Cheerleading is evolving into a more athletic and competitive sport for many schools. Unfortunately, while overall injury rates among cheerleaders are lower than most other high school sports, the injuries that do occur tend to be more severe.
For many years, the generally accepted guidelines for treating concussion called for the patient to completely avoid activity or too much stimulation in the days following diagnosis. A new study says there is no clear evidence that this approach benefits the concussion patient.
Educating yourself about this serious brain injury and its potential dangers can lead to more prompt recognition if it happens to you or a loved one. Knowing the signs will help you avoid potential delay in evaluation and recovery.
Millions of concussions occur each year. If you or a loved one suffer a blow to the head, watch for symptoms of a more severe brain injury.
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Trampolines are popular among kids and adults – but they’re dangerous. From 2002 to 2011, trampoline injuries contributed to more than 1 million emergency department visits in the United States. With an influx of indoor trampoline parks springing up nationwide, trampoline-related injuries may continue to soar. Trampolines not advised Whether kids are supervised at an indoor … Read More
Contributor: Mayur Pandya, DO When sports result in a serious injury, athletes not only need to heal physically, but they often struggle to regain confidence. These feelings can influence how they react to the injury, approach recovery and get back to their sport. Remember that after a sports injury, it’s normal to feel mild apprehension … Read More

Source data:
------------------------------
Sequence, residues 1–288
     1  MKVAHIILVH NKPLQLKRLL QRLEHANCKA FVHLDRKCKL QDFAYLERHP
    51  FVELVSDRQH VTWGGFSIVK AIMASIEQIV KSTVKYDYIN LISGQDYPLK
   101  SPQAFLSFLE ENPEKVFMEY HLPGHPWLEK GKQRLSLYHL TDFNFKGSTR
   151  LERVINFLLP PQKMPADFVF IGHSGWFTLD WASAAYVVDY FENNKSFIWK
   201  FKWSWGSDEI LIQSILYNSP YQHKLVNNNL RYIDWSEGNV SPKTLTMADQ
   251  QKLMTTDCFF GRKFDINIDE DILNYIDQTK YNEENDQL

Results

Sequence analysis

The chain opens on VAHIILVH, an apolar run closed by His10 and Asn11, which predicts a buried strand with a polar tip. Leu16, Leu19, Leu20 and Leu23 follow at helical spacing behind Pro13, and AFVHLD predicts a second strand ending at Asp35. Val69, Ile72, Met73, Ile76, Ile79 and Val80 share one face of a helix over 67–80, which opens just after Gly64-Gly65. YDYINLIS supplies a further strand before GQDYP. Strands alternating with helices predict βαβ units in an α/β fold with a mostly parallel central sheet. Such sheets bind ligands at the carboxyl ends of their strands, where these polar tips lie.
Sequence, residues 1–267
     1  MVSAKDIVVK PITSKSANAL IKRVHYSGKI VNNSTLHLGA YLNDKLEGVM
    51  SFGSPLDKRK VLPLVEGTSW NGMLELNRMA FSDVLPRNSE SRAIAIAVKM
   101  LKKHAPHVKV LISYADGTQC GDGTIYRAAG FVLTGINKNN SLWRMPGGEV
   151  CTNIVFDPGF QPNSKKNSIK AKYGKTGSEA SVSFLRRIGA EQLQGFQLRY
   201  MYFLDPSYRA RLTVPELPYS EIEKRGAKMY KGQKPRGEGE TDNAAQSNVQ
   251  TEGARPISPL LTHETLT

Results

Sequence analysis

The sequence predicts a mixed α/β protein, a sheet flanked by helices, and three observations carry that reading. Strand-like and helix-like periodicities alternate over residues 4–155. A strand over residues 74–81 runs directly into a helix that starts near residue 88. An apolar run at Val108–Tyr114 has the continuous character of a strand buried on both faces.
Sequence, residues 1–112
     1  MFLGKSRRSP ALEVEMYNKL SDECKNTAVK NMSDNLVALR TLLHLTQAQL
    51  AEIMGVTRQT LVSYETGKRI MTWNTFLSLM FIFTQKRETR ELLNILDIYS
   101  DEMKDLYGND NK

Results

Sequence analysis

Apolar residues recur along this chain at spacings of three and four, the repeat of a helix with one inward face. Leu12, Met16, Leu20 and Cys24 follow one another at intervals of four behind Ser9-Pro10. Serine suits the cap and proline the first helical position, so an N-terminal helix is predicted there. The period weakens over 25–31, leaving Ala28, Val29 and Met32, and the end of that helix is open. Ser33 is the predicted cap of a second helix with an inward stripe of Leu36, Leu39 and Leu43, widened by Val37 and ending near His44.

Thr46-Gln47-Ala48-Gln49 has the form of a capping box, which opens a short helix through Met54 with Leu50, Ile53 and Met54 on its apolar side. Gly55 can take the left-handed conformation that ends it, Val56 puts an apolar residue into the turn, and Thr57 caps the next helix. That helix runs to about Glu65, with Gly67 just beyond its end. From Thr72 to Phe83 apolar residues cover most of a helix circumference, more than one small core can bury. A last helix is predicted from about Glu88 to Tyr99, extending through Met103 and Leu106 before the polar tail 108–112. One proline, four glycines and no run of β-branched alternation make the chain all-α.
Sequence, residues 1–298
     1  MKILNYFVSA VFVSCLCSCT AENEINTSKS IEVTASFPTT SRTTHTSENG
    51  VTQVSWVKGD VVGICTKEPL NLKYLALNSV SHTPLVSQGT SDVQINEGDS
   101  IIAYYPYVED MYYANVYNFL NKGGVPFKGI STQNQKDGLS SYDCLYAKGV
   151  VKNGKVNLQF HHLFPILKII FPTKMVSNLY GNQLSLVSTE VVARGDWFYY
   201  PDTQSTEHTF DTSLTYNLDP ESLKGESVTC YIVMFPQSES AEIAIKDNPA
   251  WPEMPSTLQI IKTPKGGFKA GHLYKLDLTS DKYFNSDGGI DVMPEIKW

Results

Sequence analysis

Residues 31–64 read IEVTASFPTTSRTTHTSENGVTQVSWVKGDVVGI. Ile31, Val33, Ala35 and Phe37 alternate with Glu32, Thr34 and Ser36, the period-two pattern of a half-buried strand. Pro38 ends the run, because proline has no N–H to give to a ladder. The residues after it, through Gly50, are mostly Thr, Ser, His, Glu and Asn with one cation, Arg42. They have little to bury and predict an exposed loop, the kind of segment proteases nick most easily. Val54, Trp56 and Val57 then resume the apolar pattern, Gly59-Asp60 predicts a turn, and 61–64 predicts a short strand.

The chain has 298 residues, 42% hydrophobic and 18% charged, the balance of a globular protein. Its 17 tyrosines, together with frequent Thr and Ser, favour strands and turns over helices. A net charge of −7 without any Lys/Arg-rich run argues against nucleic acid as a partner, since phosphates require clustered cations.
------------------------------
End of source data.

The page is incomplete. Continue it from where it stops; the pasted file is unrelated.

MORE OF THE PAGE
Whether it’s the monkey bars or the slide, injuries are bound to happen on the playground. Find out the best treatments – and when to seek medical attention.
Doctors have an ethical obligation to educate and protect athletes from sports concussion, says a new position paper from the American Academy of Neurology (AAN). The AAN, the largest professional association of neurologists, released the statement today. The position paper calls on doctors to make protecting the future mental and physical health of young athletes a … Read More
People often associate concussions in youth sports with football. But the problem goes far beyond America’s most popular sport. “We know that there are more student athletes participating in sports than ever before,” says Jason Genin, DO, a sports and orthopaedic medicine specialist with Cleveland Clinic Sports Health. “We are also recognizing that with increasing numbers of participants comes … Read More
If it were only that easy: take a pill and avoid a concussion. Problem is, no scientific evidence supports the claim that any dietary supplement is effective in the treatment or prevention of concussion. The Food and Drug Administration (FDA) sent out a strong warning recently about dietary supplements that claim to help you avoid … Read More